Tai Chi: Moving for Better Balance
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Tai Chi: Moving for Better Balance

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Download the program summary.

Visit Oregon Research Institute's website.

Developed by: Dr. Fuzhong Li
Program Administrator: Dr. Fuzhong Li, Oregon Research Institute
Year Program First Implemented: 2004

Overview:

The program includes 24 Tai Chi forms that emphasize weight shifting, postural alignment, and coordinated movements. Synchronized breathing aligned with Tai Chi movements is also integrated into the movement routine. Each session includes instructions in new movements as well as review of movements from previous sessions. Each practice session incorporates musical accompaniment.

Supporting Evidence:

This randomized, controlled trial involved a sample of 256 physically inactive, community-dwelling adults aged 70 to 92 (mean age, 77.48 years; standard deviation, 4.95 years) who were recruited through a patient database in Portland, Oregon. Participants were randomized to participate in a three-times-per-week Tai Chi group or to a stretching control group for six months.

The primary outcome measure was the number of falls; the secondary outcome measures included functional balance (Berg Balance Scale, Dynamic Gait Index, Functional Reach, and single-leg standing), physical performance (50-foot speed walk, Up&Go), and fear of falling, assessed at baseline, three months, six months (intervention termination), and at a six-month post intervention follow-up.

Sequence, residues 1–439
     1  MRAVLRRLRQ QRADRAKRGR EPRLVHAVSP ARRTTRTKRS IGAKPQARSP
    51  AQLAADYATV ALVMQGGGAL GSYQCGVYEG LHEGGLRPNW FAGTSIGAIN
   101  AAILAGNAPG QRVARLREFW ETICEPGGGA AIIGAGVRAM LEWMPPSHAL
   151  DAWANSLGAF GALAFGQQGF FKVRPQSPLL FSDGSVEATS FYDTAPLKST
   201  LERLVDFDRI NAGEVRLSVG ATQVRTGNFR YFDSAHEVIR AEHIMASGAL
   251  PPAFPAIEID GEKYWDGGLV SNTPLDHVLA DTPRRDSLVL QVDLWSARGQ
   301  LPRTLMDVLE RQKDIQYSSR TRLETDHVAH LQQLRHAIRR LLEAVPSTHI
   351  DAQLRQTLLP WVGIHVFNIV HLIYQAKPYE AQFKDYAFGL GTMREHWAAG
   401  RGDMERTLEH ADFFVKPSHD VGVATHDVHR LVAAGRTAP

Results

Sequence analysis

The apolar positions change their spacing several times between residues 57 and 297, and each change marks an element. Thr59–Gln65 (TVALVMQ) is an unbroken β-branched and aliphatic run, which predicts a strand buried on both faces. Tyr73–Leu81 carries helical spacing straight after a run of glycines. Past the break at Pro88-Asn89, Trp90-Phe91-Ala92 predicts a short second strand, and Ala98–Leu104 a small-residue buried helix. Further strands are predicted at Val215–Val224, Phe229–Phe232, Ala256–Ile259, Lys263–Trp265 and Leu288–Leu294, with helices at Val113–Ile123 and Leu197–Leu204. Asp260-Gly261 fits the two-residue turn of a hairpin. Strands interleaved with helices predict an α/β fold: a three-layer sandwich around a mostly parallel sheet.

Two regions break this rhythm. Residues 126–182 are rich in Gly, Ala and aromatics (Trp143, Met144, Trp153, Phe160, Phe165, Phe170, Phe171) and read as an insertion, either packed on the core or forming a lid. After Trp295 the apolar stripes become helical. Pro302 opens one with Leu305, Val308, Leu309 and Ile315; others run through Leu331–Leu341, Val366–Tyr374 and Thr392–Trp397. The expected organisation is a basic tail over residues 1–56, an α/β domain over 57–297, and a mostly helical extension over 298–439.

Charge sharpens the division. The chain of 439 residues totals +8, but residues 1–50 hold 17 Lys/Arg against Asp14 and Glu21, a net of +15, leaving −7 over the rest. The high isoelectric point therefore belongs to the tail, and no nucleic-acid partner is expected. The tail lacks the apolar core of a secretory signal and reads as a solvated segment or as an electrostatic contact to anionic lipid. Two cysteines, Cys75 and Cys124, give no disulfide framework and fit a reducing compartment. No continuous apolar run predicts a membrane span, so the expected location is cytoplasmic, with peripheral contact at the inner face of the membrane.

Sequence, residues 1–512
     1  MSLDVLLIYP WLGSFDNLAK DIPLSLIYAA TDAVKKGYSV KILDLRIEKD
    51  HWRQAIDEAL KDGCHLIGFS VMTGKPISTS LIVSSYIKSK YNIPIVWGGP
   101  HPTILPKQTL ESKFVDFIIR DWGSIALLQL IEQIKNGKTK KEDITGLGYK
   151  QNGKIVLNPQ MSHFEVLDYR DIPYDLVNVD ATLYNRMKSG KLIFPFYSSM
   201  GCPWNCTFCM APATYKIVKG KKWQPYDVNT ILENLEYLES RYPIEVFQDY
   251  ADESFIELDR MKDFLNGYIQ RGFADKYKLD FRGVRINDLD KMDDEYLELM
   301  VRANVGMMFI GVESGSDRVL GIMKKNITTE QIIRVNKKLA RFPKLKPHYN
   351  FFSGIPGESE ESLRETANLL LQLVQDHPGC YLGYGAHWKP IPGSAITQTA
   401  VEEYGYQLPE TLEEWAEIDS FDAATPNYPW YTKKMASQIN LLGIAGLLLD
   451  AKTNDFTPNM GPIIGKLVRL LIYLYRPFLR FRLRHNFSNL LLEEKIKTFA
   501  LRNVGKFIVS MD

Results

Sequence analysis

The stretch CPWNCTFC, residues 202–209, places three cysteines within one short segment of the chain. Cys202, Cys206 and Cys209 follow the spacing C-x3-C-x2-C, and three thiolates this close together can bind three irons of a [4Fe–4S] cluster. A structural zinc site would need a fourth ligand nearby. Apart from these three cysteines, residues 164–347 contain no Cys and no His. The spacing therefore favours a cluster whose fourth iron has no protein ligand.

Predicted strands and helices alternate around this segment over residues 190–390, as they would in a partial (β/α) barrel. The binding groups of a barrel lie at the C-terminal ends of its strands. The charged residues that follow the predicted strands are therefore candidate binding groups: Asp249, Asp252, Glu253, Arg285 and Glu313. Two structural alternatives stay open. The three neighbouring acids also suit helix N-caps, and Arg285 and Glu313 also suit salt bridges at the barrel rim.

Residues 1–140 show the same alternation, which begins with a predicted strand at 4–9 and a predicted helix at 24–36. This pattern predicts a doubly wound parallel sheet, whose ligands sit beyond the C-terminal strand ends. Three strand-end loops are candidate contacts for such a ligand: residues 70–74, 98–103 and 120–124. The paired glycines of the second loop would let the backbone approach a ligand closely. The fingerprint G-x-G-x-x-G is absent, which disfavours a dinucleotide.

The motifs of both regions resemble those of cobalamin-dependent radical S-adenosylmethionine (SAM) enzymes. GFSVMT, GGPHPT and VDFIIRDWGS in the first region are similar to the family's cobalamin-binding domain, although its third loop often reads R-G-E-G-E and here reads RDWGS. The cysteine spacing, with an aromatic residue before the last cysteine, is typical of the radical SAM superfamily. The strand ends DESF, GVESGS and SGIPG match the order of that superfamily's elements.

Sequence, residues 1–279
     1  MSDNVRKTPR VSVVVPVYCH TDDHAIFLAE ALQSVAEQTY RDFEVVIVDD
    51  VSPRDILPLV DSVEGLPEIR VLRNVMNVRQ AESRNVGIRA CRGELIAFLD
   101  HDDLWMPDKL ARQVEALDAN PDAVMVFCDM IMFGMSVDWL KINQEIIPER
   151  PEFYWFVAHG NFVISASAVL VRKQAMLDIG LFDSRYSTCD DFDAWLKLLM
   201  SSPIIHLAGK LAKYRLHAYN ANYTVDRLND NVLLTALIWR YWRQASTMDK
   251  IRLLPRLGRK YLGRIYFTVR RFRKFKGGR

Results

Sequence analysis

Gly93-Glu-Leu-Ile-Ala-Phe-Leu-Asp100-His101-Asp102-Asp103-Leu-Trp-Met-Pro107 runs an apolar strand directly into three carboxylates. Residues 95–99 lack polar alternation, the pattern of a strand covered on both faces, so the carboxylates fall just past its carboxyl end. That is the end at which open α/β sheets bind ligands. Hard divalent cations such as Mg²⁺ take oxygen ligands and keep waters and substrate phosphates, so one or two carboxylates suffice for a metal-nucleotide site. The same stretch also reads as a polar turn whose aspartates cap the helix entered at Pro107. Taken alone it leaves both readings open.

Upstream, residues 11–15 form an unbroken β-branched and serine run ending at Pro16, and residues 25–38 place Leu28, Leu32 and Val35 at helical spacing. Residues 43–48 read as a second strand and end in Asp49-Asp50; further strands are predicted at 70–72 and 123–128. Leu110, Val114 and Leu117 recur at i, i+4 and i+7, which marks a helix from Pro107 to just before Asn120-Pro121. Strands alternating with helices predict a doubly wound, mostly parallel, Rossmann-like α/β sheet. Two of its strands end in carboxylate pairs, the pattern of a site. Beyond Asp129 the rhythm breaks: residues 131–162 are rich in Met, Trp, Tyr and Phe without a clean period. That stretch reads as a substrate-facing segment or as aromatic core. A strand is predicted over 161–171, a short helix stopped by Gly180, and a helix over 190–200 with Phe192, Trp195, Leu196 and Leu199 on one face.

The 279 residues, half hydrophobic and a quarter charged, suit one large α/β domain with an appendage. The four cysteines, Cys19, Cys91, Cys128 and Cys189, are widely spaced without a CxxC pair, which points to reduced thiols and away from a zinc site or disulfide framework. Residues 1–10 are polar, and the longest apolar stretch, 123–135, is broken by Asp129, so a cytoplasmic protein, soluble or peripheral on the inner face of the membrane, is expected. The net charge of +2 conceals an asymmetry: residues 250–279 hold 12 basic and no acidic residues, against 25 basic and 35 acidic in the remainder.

At the end of the six-month intervention, significantly fewer falls (n=38 vs. 73; p=.007), lower proportions of fallers (28% vs. 46%; p=.01), and fewer injurious falls (7% vs. 18%; p=.03) were observed in the Tai Chi group compared with the stretching control group. After adjusting for baseline covariates, the risk for multiple falls in the Tai Chi group was 55% lower than that of the stretching control group (risk ratio,.45; 95% confidence interval, 0.30 to 0.70). Compared with the stretching control participants, the Tai Chi participants showed significant improvements (p

Reference:

Fuzhong L, Harmer P, Fisher JK, Mcauley E. Tai Chi: Improving Functional Balance and Predicting Subsequent Falls in Older Persons. Med Sci Sports Exerc. (2004) 36 (12): 2046-2052.
[Online]: http://journals.lww.com/acsmmsse/Abstract/2004/12000/Tai_Chi__Improving_Functional_Balance_and.8.aspx.

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